Two Essays: You'll laugh; you'll cry

1) Comic, writer, and producer Carol Liefer on working in the Seinfeld writers' room. Among the surprising and delicious secrets is that they didn't actually have a writers room as we know it today. Instead of a room of writers breaking an episode and rewriting jokes, each writer—who could not be a professional TV writer but had to come from standup— had to pitch one idea to Larry David and Jerry Seinfeld. If the idea was bad, David had a physical tic involving his shoulder. Leifer in this excerpt from her new book talks about the classic episode "The Marble Rye''—where the idea came from—and other episodes, like the one where Elaine encountered a store "skinny mirror." Being a woman in a staff of male comedy writers really helped with coming up with good ideas. She also talks about the generosity of her friend, Jerry Seinfeld, who did her a big solid using his private jet. Her new book seems very attractive: going behind the scenes on some great shows in a joyful way, and being a motivational how-to for aspiring comedians and TV writers.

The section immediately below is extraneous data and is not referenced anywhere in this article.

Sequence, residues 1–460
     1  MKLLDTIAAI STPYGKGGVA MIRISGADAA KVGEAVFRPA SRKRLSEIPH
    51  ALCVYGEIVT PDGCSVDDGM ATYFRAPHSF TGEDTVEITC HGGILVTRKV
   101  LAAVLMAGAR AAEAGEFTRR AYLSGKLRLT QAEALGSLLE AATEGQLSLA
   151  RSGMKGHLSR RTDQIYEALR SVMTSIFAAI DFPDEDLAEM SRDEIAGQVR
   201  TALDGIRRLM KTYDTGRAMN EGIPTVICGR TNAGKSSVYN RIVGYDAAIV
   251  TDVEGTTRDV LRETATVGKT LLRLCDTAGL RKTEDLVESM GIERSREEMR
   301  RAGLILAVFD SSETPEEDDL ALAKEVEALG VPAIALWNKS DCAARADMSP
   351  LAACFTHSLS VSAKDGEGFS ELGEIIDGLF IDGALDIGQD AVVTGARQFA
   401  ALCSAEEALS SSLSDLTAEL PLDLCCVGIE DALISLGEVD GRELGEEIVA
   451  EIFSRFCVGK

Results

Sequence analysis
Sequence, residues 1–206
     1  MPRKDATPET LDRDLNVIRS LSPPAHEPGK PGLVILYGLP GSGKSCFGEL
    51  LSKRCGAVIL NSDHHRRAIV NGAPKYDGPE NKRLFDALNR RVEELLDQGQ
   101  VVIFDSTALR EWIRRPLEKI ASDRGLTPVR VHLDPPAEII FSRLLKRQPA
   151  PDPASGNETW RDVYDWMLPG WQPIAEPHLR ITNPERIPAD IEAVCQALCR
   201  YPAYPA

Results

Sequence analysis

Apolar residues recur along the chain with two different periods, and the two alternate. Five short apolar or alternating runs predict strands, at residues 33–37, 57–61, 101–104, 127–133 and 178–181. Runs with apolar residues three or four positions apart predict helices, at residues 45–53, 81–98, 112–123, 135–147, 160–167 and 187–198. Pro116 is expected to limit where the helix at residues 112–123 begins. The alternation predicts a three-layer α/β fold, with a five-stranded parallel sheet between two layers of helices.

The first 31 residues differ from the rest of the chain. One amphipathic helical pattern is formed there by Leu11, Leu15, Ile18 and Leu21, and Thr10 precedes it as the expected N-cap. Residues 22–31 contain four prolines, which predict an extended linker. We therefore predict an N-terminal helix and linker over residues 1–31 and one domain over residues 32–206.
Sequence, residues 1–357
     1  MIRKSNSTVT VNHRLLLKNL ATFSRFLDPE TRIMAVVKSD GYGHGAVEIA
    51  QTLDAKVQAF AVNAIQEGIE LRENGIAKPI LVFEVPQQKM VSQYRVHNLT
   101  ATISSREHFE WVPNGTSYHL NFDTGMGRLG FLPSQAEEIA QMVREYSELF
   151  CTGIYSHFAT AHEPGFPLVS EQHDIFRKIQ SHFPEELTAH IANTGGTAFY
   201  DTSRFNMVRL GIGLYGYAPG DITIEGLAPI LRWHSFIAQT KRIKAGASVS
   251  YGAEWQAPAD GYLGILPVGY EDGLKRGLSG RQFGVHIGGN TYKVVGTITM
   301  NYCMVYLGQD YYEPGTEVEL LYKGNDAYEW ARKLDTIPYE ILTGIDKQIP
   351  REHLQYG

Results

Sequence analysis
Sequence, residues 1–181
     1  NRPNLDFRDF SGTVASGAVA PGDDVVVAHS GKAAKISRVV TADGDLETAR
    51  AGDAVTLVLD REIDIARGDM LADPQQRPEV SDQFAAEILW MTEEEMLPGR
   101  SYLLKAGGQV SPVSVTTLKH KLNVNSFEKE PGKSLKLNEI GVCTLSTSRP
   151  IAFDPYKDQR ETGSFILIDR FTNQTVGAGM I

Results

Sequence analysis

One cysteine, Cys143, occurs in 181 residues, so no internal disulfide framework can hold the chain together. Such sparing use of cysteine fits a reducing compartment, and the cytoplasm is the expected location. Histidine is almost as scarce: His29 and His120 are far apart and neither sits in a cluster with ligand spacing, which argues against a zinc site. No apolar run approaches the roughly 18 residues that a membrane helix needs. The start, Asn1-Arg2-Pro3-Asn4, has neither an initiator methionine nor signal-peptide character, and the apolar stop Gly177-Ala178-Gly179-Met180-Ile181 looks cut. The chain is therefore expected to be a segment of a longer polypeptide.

2) Carl Sagan's daughter, Sasha, writing a beautiful essay on growing up Sagan, where critical thinking and humane skepticism and honesty ruled the day. When as a little girl she was asking "why" questions like about death, her father told the truth, but, of course in a wondrous way: "You are alive this second. That is an amazing thing." And then, suddenly, he wasn't. And she was 14. Years later, her father's papers are at the Library of Congress (thanks to Seth MacFarlane, who gets a lifetime pass from me for this and the new Cosmos), and she reflects on mortality: "And in that moment my father was both so alive in the minds of those who loved him and so painfully gone."